Racial Residential Segregation in Ohio's Eigh Largest Cities: 1950-1980

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dc.creator Leahy, P. J. en_US
dc.creator Grant, N. en_US
dc.date.accessioned 2006-07-07T02:12:44Z
dc.date.available 2006-07-07T02:12:44Z
dc.date.issued 1985-03 en_US
dc.identifier.citation The Ohio Journal of Science. v85, n1 (March, 1985), 2-6 en_US
dc.identifier.issn 0030-0950 en_US
dc.identifier.uri http://hdl.handle.net/1811/23045
dc.description Author Institution: Department of Urban Studies, The University of Akron en_US
dc.description.abstract Racial residential segregation patterns in the eight largest Ohio cities are examined from 1950-1980 to determine if certain gains which blacks recently have made in other areas of life have been translated into improved residential integration. Data were collected from the 1950, I960, 1970, and 1980 United States Censuses of Population and Housing at the census tract level. The index of dissimilarity is used to measure residential segregation at both the central city and outside central city levels of the Standard Metropolitan Statistical area. Results indicate improvement in residential segregation during the 1970s for both the central cities and the suburbs, although the levels of segregation remain high overall. Cleveland, home to nearly one-fourth the black population of the state, remains highly segregated, both in the central city and in its suburbs. en_US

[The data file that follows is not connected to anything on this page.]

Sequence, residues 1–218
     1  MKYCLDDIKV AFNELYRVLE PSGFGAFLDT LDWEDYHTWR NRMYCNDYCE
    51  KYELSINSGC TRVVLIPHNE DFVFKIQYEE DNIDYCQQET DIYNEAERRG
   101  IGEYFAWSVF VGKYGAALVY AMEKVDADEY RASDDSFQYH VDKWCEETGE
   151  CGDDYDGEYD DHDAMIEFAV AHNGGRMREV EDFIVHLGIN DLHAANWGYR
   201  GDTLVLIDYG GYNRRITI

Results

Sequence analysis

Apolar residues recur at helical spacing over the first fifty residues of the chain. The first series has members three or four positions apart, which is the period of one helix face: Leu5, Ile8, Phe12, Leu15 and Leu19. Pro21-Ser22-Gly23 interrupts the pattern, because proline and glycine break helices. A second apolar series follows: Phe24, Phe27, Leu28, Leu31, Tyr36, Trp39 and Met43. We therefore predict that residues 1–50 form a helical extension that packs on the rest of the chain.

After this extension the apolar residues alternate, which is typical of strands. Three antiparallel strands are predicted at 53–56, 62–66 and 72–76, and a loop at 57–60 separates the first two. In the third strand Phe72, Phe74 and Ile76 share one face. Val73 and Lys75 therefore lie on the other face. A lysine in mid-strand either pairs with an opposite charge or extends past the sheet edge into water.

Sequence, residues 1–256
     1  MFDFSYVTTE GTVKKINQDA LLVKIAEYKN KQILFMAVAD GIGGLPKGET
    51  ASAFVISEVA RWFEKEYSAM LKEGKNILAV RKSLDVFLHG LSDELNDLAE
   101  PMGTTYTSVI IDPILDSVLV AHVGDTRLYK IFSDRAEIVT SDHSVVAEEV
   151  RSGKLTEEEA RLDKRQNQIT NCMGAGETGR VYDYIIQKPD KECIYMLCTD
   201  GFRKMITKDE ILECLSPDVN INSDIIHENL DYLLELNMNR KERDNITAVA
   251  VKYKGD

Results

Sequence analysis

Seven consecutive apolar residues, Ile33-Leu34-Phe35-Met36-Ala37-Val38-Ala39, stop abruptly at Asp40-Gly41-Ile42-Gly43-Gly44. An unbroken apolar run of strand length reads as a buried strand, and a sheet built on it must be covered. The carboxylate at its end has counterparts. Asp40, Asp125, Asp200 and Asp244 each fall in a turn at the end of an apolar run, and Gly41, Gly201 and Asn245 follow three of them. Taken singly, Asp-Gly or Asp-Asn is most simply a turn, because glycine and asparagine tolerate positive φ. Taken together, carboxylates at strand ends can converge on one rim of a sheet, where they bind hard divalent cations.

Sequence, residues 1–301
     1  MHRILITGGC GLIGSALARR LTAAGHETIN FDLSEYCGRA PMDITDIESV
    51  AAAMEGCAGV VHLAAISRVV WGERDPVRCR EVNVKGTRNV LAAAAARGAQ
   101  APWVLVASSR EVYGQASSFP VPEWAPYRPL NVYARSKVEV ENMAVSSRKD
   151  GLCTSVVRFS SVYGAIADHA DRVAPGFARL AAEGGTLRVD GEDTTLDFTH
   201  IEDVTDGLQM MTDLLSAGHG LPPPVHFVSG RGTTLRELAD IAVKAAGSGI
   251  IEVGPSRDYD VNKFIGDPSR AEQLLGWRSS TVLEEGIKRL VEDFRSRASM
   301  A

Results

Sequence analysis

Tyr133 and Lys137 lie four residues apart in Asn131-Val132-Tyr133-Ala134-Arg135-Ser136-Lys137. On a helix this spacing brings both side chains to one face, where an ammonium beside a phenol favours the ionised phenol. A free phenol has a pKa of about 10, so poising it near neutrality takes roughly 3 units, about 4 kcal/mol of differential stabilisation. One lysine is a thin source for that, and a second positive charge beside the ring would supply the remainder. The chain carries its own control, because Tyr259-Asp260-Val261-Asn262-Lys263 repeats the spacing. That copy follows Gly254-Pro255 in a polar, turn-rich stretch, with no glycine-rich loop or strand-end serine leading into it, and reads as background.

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dc.format.mimetype application/pdf
dc.language.iso en_US
dc.title Racial Residential Segregation in Ohio's Eigh Largest Cities: 1950-1980 en_US